[Access article in PDF]
Exile and the Construction of Identity in Barbara Honigmann's
Trilogy of Diaspora
Barbara Honigmann belongs to the first generation of Jewish German-speaking writers raised in a German-language environment after the Holocaust. Her texts, Roman von einem Kinde 1 [A Child's Novel] and Eine Liebe aus Nichts 2 [A Love Made out of Nothing] established her as a prominent representative of re-emerging German Jewish writing 3 although she has lived outside of Germany in self-imposed French exile since 1984. During the 1990s, she published four more works, Soharas Reise [Sohara's Journey], Am Sonntag spielt der Rabbi Fußball [On Sunday the Rabbi Played Soccer], Damals, dann und danach [At that Time, Then, and Afterwards], and Alles, alles Liebe 4 [With All My Love] which earned her prestigious German literary prizes, including the Heinrich-von-Kleist prize in 2000. 5 Central to Honigmann's texts is the construction of identity, in which context she critiques the notion of genealogical and geographical origin by translating identity into a hybrid genre, a form of literary self-representation, or autobiographical fiction, located on the borderline between fact and fiction.
Honigmann's three literary autobiographical fictions, Roman von einem Kinde, Eine Liebe aus nichts, and Damals, dann und danach, which I consider a trilogy of Diaspora, map the coordinates in her lifelong process of claiming, and indeed reinventing, a particular Jewish German identity. Honigmann's texts reflect postmodern theories of identity construction, including the fragmentary nature of identity through explorations of the interplay of memory with historical, cultural, religious, familial, ethnic and gendered categories of identity. Distinctive to her construction of Jewish German identity is the literary exploration of her particular exile experience. Through a self-imposed expatriation (first, from the GDR and then, later, from Germany after reunification), returning "nach Hause in die [End Page 215] Fremde" (Roman 113), Honigmann succeeds in living and integrating what postcolonialists have termed a cultural hybrid's perspective into her construction of identity. Finally, it is through living and writing on the German and Jewish periphery, am Rande, that she successfully throws into relief the permeable boundaries of identity categories, namely race, nationality, class, and ethnicity. In this state of "insider's outsidedness," 6 writing as an East-German Jew living outside of Germany, she destabilizes the notion of a whole identity and explores ethnicity, and Jewishness in particular, "as a culturally constructed concept regulated by specific historical conditions." 7 In this paper I shall examine more closely how Honigmann foregrounds exile as theme and structuring trope in her Diaspora trilogy, the three autobiographical texts, constructs reflecting Barbara Honigmann's unique Jewish German identity at the end of the 20th century. Let me preface my analysis of exile in her three texts with a few general remarks about the construction of her Jewish and German identities.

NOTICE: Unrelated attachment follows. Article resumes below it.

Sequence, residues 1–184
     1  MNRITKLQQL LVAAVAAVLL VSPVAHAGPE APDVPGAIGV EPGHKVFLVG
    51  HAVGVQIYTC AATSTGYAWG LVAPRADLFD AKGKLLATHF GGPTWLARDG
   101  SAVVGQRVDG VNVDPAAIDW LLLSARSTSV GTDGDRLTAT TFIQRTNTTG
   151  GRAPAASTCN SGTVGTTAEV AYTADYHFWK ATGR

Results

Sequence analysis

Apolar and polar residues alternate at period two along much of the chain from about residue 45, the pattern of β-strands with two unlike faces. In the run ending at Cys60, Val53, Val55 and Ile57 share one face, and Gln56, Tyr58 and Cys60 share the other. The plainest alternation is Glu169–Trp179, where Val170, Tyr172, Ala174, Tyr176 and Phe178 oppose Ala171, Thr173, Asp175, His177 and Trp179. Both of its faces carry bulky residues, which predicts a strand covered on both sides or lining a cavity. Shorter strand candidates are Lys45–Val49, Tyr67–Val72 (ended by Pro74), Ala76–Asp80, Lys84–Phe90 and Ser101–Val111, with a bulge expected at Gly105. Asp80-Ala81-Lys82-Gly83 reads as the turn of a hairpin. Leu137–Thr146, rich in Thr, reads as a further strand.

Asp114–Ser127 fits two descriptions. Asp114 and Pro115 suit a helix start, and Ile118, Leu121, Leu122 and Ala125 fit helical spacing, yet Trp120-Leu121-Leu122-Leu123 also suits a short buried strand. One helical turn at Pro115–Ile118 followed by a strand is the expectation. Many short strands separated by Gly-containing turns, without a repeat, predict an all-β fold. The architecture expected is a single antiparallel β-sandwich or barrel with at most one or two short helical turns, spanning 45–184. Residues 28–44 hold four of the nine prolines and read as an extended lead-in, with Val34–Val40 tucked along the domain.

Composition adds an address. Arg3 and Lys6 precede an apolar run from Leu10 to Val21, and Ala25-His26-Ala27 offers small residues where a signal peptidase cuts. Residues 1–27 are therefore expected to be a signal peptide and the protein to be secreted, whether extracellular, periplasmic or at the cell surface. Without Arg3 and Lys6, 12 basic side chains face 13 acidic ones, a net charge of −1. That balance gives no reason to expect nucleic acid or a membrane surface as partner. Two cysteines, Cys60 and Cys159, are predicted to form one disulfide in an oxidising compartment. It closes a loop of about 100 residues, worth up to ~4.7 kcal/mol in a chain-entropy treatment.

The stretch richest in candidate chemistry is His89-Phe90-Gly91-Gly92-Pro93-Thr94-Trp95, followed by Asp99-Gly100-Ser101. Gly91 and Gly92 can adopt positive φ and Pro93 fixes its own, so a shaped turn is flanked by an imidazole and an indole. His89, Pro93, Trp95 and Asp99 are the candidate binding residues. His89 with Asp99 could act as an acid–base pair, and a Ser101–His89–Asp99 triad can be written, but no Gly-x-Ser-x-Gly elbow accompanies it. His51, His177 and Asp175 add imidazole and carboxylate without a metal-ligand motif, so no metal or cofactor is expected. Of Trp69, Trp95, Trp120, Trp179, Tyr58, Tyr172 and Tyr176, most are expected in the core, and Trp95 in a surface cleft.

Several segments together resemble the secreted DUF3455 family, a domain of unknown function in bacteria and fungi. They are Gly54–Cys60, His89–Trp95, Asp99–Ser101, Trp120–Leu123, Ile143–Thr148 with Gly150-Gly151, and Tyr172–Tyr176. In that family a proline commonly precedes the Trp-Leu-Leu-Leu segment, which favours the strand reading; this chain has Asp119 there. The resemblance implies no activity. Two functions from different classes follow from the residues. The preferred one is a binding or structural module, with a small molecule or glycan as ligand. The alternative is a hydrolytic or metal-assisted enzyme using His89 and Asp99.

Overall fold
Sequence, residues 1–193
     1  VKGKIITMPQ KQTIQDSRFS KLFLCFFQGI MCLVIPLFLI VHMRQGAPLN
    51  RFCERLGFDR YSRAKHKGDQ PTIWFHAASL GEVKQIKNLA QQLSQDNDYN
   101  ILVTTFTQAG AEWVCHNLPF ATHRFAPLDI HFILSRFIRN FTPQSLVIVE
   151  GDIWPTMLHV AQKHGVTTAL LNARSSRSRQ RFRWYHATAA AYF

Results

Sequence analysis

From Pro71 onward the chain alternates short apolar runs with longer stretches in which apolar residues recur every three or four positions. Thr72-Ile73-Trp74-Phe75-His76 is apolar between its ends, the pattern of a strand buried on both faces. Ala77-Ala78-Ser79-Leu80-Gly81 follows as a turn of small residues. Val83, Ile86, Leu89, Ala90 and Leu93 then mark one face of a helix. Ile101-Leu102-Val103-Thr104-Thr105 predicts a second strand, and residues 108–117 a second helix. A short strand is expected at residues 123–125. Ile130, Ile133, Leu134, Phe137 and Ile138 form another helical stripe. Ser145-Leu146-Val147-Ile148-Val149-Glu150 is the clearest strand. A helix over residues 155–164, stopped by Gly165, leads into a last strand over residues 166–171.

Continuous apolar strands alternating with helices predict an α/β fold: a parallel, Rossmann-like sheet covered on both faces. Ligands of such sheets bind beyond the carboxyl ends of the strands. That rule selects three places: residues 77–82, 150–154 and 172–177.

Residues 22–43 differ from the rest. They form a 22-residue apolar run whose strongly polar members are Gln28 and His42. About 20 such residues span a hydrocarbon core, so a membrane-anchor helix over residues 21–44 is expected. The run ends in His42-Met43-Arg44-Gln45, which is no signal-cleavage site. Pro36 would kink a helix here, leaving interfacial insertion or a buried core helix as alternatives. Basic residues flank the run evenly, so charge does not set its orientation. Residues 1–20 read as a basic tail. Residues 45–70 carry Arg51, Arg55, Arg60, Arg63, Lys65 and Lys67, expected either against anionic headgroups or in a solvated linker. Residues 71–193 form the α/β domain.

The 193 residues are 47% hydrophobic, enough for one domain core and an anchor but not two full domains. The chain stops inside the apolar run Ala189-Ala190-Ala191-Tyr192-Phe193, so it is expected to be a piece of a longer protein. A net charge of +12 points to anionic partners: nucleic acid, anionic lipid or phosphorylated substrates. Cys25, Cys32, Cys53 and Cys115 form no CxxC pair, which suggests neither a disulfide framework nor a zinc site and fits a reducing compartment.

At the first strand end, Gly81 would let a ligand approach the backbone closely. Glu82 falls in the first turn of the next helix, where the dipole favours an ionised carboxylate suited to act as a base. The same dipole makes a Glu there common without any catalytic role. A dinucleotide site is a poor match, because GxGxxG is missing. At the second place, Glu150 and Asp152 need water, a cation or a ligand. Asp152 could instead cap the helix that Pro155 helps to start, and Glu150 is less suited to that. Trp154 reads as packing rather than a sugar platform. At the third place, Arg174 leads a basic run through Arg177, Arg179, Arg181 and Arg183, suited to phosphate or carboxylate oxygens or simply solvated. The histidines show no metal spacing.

For Honigmann, identity is conceptualized as a communicative process; literary or artistic production has a constitutive function with regard to social and cultural identities. In fact, Honigmann's exilic art is the liminal space in which she can investigate and resolve for herself the post-Shoah quandary of being Jewish and German, or what Dan Diner has called the Jewish-German "negative symbiosis." In Jews in Today's German Culture, Sander Gilman formulates succinctly the implications of this concept for Jewish German writers since the 1980s. Writers acknowledge and problematize "the permanent separation and simultaneous identity of Jews with Germany . . . [and] the sharing of a common history that revolves around the Shoah in their art and essays [while] understanding this history in different ways." 8 Honigmann adds a personal dimension to this interpretation of the "deutsch-jüdische Symbiose, dieses Nicht-von-einander-loskommen- Können, weil die Deutschen und die Juden in Auschwitz ein Paar geworden sind, das auch der Tod nicht mehr trennt" (Damals 16) ["German-Jewish symbiosis, this can't-live-without-each-other, because in Auschwitz the Germans and the Jews became a pair inseparable even...